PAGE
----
Good morning! Today I have a post from Maria, the blogger behind The Money Principle: a personal finance blog that will ‘make your head hurt and your wallet sing’. There she writes about money management, wealth, health and anything that takes her fancy. Enjoy!
Once upon a time retirement was a relatively simple and relatively automatic affair. One worked for forty years, one retired and then one did what retired people usually do: pottered around in the garden, looked after the grandchildren, generally led a life of routine and tedium and eventually passed to another realm.
This was the time when the economy was dominated by large corporations; people had jobs for life; and self employment was for artisan, tradespeople (ok, mainly tradesman) and the ‘arty’ types. Back then people patiently waited for their retirement, saved what they could, were resigned with their lot and aged early.
This time is gone! The economy has changed to include a multiplicity of ‘small players’ and, lately, networked individuals; it’s been sometime since any of us has had a whiff of a job for life; and the numbers of the self-employed are rapidly increasing: in the UK in 2012 there were 367,000 more self-employed than in 2008 or a 10% increase.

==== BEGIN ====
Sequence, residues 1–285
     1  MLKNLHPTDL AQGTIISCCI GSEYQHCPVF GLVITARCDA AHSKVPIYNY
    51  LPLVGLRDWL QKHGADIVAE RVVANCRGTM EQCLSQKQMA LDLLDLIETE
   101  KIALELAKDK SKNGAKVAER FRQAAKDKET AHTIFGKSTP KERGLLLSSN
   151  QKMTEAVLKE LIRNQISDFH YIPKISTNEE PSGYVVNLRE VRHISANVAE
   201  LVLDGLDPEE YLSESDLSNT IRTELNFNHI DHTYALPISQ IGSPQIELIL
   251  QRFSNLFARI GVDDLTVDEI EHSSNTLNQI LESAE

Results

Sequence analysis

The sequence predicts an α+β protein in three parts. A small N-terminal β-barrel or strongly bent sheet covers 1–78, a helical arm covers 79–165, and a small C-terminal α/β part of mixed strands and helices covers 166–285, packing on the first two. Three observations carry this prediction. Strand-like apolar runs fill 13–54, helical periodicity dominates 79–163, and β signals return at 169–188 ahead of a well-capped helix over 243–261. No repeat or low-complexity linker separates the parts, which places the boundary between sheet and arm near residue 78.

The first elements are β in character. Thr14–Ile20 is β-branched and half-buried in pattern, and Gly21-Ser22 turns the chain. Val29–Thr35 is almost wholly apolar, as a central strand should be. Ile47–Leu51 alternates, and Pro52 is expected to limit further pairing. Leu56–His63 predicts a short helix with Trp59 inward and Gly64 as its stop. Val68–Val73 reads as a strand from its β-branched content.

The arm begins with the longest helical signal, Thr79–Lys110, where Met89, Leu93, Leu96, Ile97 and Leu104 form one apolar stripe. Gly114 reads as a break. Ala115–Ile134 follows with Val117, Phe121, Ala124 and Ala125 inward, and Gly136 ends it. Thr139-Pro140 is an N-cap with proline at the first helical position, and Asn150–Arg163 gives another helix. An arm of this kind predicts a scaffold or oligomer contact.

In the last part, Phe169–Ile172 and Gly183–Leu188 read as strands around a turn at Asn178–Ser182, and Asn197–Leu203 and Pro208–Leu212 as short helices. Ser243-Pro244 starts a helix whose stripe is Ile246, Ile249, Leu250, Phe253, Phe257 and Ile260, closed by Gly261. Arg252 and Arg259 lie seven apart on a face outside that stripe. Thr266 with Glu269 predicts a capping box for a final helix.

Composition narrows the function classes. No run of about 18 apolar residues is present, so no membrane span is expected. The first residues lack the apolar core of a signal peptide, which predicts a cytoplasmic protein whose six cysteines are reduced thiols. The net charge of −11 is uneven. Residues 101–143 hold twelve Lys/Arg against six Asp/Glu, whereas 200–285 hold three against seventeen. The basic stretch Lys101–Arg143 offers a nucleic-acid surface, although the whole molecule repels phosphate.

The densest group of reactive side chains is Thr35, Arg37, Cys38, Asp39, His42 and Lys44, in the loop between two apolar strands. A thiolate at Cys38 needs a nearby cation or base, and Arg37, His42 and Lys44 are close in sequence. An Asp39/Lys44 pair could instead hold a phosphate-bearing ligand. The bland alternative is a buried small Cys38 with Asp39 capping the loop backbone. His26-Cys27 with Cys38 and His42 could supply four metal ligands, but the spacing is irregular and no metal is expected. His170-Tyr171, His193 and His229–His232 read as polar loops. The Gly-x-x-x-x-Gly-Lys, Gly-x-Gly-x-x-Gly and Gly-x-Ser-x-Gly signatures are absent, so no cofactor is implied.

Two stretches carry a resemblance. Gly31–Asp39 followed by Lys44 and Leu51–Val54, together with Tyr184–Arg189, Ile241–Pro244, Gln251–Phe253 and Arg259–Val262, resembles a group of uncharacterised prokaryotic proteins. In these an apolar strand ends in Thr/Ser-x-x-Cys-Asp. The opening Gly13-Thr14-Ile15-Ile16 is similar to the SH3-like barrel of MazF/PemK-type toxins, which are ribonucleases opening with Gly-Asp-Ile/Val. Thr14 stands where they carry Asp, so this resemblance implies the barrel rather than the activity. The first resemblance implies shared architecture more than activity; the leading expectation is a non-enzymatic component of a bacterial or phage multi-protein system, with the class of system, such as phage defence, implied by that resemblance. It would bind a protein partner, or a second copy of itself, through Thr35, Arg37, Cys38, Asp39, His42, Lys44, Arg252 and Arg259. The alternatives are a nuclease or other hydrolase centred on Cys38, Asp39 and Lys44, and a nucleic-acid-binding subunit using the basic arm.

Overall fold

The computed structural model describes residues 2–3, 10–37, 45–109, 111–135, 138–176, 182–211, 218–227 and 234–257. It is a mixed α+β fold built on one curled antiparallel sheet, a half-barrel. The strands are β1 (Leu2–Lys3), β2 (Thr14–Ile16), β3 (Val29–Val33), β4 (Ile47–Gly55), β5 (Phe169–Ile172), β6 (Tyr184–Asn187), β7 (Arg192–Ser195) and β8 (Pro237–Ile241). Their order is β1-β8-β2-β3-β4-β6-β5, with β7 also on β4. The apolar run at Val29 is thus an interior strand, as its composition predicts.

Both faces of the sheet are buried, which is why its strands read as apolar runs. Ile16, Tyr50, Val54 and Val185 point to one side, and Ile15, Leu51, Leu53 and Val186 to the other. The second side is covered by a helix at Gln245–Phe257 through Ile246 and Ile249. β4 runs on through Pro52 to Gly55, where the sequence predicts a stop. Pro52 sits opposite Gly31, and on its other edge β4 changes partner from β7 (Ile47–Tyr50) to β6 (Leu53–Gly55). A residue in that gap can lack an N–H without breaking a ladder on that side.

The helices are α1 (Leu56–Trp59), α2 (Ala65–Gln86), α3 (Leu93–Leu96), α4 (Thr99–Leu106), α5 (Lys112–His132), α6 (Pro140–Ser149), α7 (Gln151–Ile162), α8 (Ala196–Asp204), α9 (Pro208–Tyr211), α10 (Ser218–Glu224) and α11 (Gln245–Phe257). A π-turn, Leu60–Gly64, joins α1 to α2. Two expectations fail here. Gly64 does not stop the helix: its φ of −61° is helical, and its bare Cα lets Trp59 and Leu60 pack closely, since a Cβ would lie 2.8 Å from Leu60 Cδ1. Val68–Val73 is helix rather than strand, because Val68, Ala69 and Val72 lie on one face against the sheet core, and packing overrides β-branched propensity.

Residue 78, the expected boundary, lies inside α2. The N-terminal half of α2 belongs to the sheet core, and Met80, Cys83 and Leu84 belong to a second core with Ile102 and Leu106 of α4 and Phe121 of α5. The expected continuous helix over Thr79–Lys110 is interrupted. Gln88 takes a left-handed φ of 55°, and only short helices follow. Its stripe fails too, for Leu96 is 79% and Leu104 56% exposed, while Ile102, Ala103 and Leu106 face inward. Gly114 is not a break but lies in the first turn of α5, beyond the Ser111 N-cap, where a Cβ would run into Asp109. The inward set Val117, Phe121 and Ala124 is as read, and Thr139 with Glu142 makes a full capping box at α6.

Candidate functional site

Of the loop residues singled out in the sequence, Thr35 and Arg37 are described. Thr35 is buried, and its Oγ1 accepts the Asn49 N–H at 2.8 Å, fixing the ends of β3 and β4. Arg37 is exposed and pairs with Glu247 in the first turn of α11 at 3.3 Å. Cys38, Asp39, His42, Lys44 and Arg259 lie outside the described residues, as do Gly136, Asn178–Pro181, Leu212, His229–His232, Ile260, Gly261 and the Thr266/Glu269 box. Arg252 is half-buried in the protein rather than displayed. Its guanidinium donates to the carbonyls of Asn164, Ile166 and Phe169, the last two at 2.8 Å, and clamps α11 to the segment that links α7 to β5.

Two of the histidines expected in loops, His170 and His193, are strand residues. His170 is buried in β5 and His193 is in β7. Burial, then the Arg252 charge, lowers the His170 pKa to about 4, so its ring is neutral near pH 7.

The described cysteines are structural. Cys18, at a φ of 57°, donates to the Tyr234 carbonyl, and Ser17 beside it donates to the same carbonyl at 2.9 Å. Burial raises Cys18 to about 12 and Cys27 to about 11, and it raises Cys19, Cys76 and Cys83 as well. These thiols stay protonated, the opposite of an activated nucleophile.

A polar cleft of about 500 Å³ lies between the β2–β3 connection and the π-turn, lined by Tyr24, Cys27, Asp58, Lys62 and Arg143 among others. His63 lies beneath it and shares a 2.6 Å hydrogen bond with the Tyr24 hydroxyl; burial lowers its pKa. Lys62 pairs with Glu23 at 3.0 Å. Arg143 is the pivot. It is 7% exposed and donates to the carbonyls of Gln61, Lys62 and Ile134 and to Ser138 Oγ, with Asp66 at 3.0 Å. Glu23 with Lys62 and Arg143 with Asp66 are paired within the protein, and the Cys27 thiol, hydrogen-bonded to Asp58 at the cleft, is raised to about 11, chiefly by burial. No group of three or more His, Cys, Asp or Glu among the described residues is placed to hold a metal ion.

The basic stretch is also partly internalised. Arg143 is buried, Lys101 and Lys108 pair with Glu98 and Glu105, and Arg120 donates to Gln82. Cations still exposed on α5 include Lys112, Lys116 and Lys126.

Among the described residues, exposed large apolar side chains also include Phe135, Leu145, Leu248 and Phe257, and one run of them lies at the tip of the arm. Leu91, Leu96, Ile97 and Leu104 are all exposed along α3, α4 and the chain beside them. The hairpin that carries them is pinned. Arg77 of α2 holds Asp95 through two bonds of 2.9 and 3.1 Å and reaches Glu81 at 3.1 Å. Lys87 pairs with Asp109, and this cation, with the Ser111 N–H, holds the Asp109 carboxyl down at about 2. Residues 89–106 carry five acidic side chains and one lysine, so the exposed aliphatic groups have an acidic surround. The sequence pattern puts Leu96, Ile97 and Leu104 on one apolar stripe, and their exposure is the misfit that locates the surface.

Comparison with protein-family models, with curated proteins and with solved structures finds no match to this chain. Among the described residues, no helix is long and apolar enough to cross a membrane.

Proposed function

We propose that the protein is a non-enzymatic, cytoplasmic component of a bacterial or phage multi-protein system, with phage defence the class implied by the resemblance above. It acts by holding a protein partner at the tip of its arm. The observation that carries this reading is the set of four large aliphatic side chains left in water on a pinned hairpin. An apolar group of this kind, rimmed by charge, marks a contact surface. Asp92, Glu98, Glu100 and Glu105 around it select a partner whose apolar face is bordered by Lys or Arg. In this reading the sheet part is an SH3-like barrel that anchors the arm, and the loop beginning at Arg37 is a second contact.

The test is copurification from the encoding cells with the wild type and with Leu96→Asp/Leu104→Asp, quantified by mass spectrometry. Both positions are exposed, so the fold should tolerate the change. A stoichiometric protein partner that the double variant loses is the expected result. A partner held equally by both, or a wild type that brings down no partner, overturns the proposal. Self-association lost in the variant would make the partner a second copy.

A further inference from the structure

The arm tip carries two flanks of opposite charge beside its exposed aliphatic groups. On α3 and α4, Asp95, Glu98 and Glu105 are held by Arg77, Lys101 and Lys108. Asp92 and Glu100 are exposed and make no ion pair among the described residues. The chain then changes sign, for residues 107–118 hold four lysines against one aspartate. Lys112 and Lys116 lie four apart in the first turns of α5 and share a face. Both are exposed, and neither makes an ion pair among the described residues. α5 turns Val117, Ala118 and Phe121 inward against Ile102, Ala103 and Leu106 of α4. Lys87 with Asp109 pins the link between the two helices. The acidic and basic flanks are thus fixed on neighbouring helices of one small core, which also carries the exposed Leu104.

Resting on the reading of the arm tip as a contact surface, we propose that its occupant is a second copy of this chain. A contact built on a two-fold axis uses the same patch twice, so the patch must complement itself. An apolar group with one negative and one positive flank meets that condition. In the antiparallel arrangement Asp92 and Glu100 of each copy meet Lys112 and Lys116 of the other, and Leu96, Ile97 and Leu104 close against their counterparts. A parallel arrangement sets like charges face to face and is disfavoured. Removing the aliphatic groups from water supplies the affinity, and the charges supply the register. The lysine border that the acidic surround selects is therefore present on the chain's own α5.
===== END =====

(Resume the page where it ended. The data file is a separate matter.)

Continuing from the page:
Do I feel nostalgic about the time past when things were easy and predictable? No; I say ‘good riddance’. Yes there was security but it came at the price of predictability and boredom. Do you know, whenever I read (or watch) The Hobbit I know exactly how Bilbo Baggins feels: the Shire is lovely but boring for the spirit craving adventure.
The best thing about the change, I find, is that we don’t age so early. Frankly, I could never imagine my mum in her shorts running a marathon at fifty; well, for that matter I could never imagine her doing anything like that. Or planning to dance Flamenco with the gypsies in Granada.
Retirement stopped being a fixed point in people’s lives; quite the reverse, the combination between the possibility to retire at any time and the hunger to do the things we crave, made the dream of early retirement possible.
This is not a dream I share; I don’t want to retire ever. I still belong to a generation that associates retirement with ‘vegging’ in front of the TV, worn out cardigans and twisted ribbed stockings. Not for me!
What I want is
- not to have to be in employment if I don’t want to be in five years time when I will be fifty five (please note that I am not saying ‘not to work’); and
- while not needing to be employed to be able to live the life I/we want.
Here you have it: I don’t want retirement! Having achieved financial health by paying off all our consumer debt I want financial independence that meets both conditions set out above. Why do I emphasize that?